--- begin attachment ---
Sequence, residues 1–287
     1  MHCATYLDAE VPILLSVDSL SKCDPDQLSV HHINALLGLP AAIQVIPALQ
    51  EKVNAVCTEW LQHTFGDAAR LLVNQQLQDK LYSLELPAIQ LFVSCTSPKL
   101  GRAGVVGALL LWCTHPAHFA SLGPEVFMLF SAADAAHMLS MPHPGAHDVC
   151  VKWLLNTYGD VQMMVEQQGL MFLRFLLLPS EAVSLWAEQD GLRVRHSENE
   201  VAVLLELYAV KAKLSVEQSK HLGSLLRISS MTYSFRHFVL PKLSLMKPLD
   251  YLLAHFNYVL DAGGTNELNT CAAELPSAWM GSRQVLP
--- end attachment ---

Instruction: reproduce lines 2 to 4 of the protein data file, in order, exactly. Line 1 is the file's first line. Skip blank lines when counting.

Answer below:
     1  MHCATYLDAE VPILLSVDSL SKCDPDQLSV HHINALLGLP AAIQVIPALQ
    51  EKVNAVCTEW LQHTFGDAAR LLVNQQLQDK LYSLELPAIQ LFVSCTSPKL
   101  GRAGVVGALL LWCTHPAHFA SLGPEVFMLF SAADAAHMLS MPHPGAHDVC